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NIF and Proliferation

But if NIF is a waste of money or a less-than-straightforward use of public funds, is it actually harmful? From the standpoint of proliferation, it could be. Fusion research could further the spread of nuclear weapons, because the computer codes that are used to predict the behavior of the facility’s targets (the pellets that the laser beams fire on) are similar to codes for designing the fusion components of weapons. NIF would increase the number of scientists familiar with such codes in the United States and abroad.

Not only is NIF meant to be a multiuse facility open to international researchers (accessibility is one of its major selling points), but other nations such as Germany, Japan, and Israel have built or may build their own facilities for inertial confinement fusion. The Energy Department plans to institute some safeguards: scientists from states that have not signed the Nuclear Nonproliferation Treaty might be barred from using NIF, and the department could reject proposed experiments that are directly relevant to weapons development. However, since all experiments in inertial confinement fusion have some relevance to nuclear weapons, information control will be difficult.

The bottom line is that NIF would not by itself allow a nation to make a sophisticated nuclear weapon, but it could help build expertise. “Should a non-nuclear state decide to go nuclear,’ ” says Ray Kidder, a laser fusion pioneer and weapons physicist who recently retired from Livermore, “the existence of a cadre of people already experienced in many of the skills needed for designing nuclear weapons could, depending on the circumstances, materially reduce the time required to acquire them.” Just as the United States wants to use NIF to maintain a corps of experienced scientists, so might other nations use it to develop one.

On the other side, non-nuclear states that were involved in the Geneva talks on the Comprehensive Test Ban Treaty have ex-pressed serious concern that facilities like NIF will help nuclear states design new weapons without testing. India’s ambassador to the Conference on Disarmament, Arundhati Ghose, has warned: “The CTBT must be a truly comprehensive treaty, that is, a treaty which bans all nuclear testing without leaving any loopholes that would permit nu-clear weapon states to continue refining and developing their nuclear arsenals at their test sites and their laboratories.” The Department of Energy has sought to allay these concerns by stating that “NIF cannot proof-test any nuclear device and therefore cannot act as a replacement for full-up nuclear testing in the stockpiling of any nuclear weapons.”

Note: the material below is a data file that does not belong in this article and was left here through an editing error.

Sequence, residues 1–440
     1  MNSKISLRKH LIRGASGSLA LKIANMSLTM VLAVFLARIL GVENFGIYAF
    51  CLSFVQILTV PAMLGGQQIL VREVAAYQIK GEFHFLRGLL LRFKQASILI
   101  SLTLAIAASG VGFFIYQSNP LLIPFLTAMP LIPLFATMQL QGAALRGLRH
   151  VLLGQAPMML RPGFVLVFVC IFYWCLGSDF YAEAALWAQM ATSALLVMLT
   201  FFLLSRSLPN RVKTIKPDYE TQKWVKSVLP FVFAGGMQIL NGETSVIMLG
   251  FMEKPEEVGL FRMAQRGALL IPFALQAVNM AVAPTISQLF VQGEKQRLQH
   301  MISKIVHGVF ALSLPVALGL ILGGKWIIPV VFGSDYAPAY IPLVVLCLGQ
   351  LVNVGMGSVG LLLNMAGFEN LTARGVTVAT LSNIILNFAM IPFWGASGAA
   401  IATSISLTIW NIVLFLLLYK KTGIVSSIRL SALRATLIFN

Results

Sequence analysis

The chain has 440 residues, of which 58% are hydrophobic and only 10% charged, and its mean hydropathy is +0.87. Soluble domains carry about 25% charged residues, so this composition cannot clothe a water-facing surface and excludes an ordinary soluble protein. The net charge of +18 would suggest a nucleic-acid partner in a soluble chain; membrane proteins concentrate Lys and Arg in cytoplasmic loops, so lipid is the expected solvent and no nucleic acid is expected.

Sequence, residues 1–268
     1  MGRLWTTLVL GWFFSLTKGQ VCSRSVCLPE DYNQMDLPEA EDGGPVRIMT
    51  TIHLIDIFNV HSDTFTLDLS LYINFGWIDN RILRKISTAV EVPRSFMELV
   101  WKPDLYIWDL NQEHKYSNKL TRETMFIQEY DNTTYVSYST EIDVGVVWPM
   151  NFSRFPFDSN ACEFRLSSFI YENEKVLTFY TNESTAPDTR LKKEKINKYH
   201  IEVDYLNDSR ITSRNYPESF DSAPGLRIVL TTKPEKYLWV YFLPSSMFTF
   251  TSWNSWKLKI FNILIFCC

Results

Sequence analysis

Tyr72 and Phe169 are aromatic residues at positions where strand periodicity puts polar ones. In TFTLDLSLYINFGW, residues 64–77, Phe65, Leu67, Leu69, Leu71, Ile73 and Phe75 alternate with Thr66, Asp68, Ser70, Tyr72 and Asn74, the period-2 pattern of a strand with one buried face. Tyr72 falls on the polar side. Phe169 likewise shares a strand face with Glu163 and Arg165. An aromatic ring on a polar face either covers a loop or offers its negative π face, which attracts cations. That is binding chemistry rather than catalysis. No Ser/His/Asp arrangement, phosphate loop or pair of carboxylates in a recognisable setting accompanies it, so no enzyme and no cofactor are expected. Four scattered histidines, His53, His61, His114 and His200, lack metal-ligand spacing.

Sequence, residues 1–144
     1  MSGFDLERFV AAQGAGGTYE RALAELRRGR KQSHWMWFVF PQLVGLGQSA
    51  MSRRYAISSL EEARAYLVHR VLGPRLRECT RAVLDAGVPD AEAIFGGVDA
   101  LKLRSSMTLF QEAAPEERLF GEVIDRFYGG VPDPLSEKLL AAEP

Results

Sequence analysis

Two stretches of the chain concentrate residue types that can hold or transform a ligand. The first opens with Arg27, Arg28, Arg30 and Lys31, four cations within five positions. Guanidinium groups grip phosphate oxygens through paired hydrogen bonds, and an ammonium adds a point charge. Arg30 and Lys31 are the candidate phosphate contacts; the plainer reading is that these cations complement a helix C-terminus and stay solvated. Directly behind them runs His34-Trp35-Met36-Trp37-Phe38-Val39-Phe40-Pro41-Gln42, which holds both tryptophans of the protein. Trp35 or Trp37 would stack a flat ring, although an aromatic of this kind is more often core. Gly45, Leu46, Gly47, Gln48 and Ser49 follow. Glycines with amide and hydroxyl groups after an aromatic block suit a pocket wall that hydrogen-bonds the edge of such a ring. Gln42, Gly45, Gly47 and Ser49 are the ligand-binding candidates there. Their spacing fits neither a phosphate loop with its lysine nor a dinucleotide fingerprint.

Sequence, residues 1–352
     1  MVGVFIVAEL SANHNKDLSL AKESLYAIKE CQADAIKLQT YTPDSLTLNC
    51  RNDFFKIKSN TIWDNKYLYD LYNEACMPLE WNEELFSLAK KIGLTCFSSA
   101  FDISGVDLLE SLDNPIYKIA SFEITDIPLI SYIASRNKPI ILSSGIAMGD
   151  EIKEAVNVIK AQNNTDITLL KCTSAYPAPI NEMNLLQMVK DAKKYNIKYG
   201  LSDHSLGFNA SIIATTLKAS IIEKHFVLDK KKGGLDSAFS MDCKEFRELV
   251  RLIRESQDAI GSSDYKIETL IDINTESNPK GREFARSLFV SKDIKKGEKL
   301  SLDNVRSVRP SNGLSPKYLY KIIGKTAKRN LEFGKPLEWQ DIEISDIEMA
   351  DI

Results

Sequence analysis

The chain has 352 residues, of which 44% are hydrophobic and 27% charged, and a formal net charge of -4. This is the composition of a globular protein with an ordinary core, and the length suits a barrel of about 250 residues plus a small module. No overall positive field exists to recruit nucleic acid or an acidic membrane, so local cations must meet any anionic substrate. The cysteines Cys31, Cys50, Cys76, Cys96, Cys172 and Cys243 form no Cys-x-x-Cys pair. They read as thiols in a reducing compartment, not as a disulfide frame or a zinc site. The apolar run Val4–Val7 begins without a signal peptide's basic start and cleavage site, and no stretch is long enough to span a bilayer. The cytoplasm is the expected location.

This is true, but the stewardship program in its totality would provide U.S. weapons designers with more data than they have ever had, short of actual nuclear tests. The worry is that over time the labs may feel more confident about their ability to make changes to existing warheads-even to design all-new weapons-on the basis of computer simulations and experiments conducted at NIF and other facilities. On the one hand, the stewardship program tries to downplay this possibility, asserting in its “Programmatic Environmental Impact Statement” that “the issue of new-design weapons is separate from DOE’s need to perform modifications to existing weapons that require research, design, development, and testing.” On the other hand, the line between “modifications” and “new design” is not clear. Moreover, DOE admits that “it would be unreasonable to say that these stewardship capabilities could not be applied to the design of new weapons, albeit with less confidence than if new weapons could be nuclear tested.”

NIF’s implications for global security may be worrisome and its contribution to national security may be weak, but the project does have one strong suit: politics. NIF and the stewardship program are designed to secure support in the Senate for ratification of the comprehensive test ban. And because it may be years before the Senate considers CTB ratification, NIF could have plenty of time to soak up funds and begin construction. By that time, the proj-ect may be untouchable.

Or not. Once the test ban is ratified, congressional members looking to cut wasteful federal spending may see the program as an attractive target. If so, hundreds of millions of dollars would have been spent on a facility that may never be finished-the superconducting supercollider revisited. Instead of building expensive mega-facilities like NIF, the stewardship program needs to focus its resources on monitoring the stockpile and replacing suspect parts. The Energy Department could take a wait-and-see approach: continue to depend on the less powerful (but paid-for) NOVA laser for fusion-related experiments, and keep sample secondaries from older weapons under surveillance to find aging problems earlier than they would appear in the active arsenal. This way, we could wait for age-related defects to appear before breaking ground on NIF.

In the meantime, Congress should not let itself be fooled into believing that the facility is necessary for “national security.” NIF may be nice to have, but for the foreseeable future we can get along without it.

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